College GPA Requirements: How Does Your GPA Factor Into College Admissions?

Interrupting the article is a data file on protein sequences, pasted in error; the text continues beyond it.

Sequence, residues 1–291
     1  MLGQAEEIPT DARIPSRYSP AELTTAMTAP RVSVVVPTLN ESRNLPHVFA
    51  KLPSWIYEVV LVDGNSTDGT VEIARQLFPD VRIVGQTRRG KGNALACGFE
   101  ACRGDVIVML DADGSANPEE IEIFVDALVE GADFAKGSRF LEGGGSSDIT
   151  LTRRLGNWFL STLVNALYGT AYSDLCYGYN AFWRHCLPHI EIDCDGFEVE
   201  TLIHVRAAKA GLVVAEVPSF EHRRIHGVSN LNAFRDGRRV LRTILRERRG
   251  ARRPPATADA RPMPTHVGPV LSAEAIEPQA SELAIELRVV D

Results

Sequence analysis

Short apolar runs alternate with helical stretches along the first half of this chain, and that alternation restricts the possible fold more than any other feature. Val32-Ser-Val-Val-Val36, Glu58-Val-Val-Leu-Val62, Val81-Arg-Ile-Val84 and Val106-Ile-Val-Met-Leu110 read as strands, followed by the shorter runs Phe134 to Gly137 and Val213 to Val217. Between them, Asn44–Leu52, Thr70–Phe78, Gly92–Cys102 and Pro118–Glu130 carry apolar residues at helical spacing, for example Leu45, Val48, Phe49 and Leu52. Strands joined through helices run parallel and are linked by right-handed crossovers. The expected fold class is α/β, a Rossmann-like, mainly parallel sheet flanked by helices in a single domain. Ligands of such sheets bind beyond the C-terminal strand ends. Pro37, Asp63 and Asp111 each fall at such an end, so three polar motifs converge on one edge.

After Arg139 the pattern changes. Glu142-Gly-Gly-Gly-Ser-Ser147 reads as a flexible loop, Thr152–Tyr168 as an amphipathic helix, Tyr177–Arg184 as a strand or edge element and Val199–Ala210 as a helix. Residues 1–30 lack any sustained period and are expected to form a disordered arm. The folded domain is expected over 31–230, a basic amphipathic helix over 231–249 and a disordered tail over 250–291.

Your GPA is one of the most important elements of a college application — one admissions officers review when making admissions decisions. However, the way grade point averages factor into college admissions decisions is not straightforward or uniform from school to school. Since different high schools use different systems to grade and rank their students, most colleges take several things into account when assessing an applicant’s GPA. From there, every college has different standards in terms of GPA requirements. In this article, we’ll break down how colleges calculate GPA, what admissions officers are looking for, and why your GPA is one of the most significant pieces of your applicant profile. Translating your GPA scale Every high school has a different method of calculating GPA, but most American universities subscribe to the 4.0 standard. This means that your letter grade in each class will translate to a scaled score that is then multiplied by the number of credits the class is worth; the resulting number is your cumulative GPA. However, not every high school uses a 4.0 GPA system. Particularly in charter or independent schools, grading might be calculated on a scale of 0–100 or a grade letter system not attached to a numerical value. In these cases, you can use the below table to translate your grades to the 4.0 system. 4.0 A+ 97–100 4.0 A 94–100 3.7 A- 90–93 3.3 B+ 87–89 3.0 B 84–-86 2.7 B- 80–83 2.3 C+ 77–79 2.0 C 74–76 1.7 C- 70–73 1.3 D+ 67–69 1.0 D 64–66 0.7 D- 60–63 0.0 F 0–59 Some schools also use a 4.3 GPA system. In these instances, an A+ corresponds to a 4.3 instead of a 4.0, but the rest of the scale above will remain the same. Grading systems aren’t just about scales, however. Some schools won’t include nonacademic classes like physical education (PE) when they calculate total GPA, while others might, and some schools don’t give out pluses or minuses as part of their grading system. Weighted vs. unweighted GPA If your school offers Advanced Placement (AP) classes, you’ll have two GPAs to keep track of: weighted and unweighted. Weighted GPAs are a school’s way of rewarding students for taking extra challenging courses, usually calculated on a 5.0 scale instead of 4.0, with a 5.0 corresponding to straight As in all AP classes. In this way, a high weighted GPA demonstrates how well you performed in your classes and how difficult those courses were, to begin with. You’ll have a place on your college application to list both GPAs, but keep in mind that most colleges refer to unweighted GPA when describing their average GPA statistics for admitted students. Class ranking and GPA Colleges recognize that every school is different, and a 4.0 at one school might mean something very different than a 4.0 at another school. This is why they take into account other academic factors when considering your GPA. For instance, many colleges will look at your class standing or percentile (e.g., [...]